It is a great day to be an investor. There is so much excitement swimming around in the stock market these days with the Trump Rally and what not, but when a popular company goes public it gets even more exciting. I hate the word exciting, but that is what we are seeing today.
There is a lot of skepticism around IPOs. A lot of people that I respect are super anti IPO and they think that people should wait until there is a drop, similar to what happened to Facebook. Now, I have been investing for some time and I was one of the people who actually told people to avoid Facebook when it IPOd. I look back at my Facebook throwbacks and see how I warned people to stay away when the company went from $54 to $24 and I looked like a genius, until now. Facebook has made huge strides and they are beginning to rival Google in how they operate and function. If you bought FB at the IPO you lost but then you went on to triple your money on top of your cost basis. FB now trades at $136/share.
To understand why I said to beware of FB you have to understand that I was basing my FB recommendation on Myspace. Myspace went from being a champion of the world to now being long forgotten. The analysis was that it was only a matter of time before FB did the same. The problem is that FB and Myspace founders had two different exit strategies. When Myspace sold they sold to another company, did away with Tom, and that company proceeded to ruin it. I always talk about the power of founder CEOs and I think that is an area of distinction here because THAT could be one of the reasons the company proceeded to fail. However, I believe that another is that when you go public there is a certain level of accountability to the market and your investors that FB stepped into and Myspace never had. Needless to say, my analysis was incomplete.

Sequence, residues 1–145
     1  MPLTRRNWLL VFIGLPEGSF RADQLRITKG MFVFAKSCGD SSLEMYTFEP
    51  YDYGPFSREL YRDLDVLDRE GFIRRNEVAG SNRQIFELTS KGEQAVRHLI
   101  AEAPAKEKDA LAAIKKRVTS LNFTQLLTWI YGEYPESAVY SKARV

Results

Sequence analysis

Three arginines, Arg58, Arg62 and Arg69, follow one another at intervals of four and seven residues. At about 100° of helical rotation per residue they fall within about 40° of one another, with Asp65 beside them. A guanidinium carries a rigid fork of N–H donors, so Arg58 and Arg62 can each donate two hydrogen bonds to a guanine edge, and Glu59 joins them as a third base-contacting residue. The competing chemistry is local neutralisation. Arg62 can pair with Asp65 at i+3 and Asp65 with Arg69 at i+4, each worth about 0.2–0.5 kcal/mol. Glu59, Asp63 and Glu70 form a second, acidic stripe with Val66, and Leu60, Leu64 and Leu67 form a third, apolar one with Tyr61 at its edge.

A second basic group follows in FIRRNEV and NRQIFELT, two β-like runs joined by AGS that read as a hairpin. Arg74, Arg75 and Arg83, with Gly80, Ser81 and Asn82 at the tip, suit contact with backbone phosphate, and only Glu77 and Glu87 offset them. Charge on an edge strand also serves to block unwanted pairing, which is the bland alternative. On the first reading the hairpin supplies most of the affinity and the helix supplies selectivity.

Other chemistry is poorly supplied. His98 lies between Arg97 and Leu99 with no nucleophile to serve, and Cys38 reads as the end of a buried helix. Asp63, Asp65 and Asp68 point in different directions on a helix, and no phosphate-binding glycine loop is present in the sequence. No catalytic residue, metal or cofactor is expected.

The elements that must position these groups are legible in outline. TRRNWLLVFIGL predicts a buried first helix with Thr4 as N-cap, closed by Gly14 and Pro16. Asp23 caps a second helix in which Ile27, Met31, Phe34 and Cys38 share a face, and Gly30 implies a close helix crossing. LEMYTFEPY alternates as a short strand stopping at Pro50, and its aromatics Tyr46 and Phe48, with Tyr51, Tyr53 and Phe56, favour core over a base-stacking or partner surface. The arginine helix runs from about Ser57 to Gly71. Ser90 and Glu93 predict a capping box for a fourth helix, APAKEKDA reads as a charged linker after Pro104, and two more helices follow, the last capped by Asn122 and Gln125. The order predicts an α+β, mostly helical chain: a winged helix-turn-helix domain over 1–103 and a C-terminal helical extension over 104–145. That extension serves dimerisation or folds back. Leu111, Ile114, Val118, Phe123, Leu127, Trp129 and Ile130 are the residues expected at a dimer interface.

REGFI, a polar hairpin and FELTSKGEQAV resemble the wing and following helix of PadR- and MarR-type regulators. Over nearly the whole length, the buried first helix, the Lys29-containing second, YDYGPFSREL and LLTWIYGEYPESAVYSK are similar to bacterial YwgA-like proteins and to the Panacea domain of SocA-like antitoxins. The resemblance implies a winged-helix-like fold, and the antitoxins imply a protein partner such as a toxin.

I bring this up because a lot of people are basing their SNAP conclusion of waiting for a drop on Facebook which could be another set of incomplete analysis. This article will discuss why but I wanted to make sure that we emphasis that past performance is not an indicator of future results. Just because Facebook did it doesn’t mean that is the industry norm.
Another area of distinction, and an example of using past performance, is that people are comparing SNAP to Twitter. The difference in SNAP and Twitter is that SNAP already learned how to generate ad revenue prior to IPO where twitter waited until well after to figure this out. That is significant because it allows the market to have a better gauge of the IPO price since there are true financials to tie this number into. It is possible that Twitter was overvalued at the time of the IPO because it was operating on HOPE not reality.
Another, very importance concept is that the same VC guys, investment banks and analysts that took FB public, took Twitter public and are now taking SNAP public. I think that at this time they should have a better gauge on things as far as pricing at IPO and whether to take the company public in the first place. Snapchat is one of many social networks that has stood the test of time. Therefore it has already been vetted by the market and unlike Vine and Periscope and others, has proven sustainable. This is significant especially if you are betting long term. You don’t want to buy something that is a fad.
These social network companies are valuable. They have a great user base and they generate a ton of money through ads. All the ad revenue these days is going away from tv and being poured into social media. This is BILLIONS of dollars. So while the CEO might not think the company will be profitable, those add numbers can and will end up being even better than projected as the market shifts to focus more toward online marketing, that is when money is made.
As stated above, the CEO of SNAP has said he does not see the company ever becoming profitable. On one hand this is scary, on the other, we have to realize that the market has already priced this idea into the stock…. If the CEO makes a comment the stock price is reflective of that comment. Therefore, there can still be value in a company, although this is very counter intuitive, that doesn’t actually believe they can make money.
The fact of the matter is that you can throw $1000 into some bottles that will generate Instagram likes or you can buy $1000 worth of Snapchat. People are so afraid of losing money not realizing that they literally burn money via their lifestyle. The trips the vacations are all a form of “losing money”. I would rather use that money with that prospect of losing it all and being back where I started or equal to where I would be had I spent it on the turn up, with the potential of growing rich or learning a valuable lesson. You don’t lose taking action. You lose not taking action and then making excuses for why you didn’t.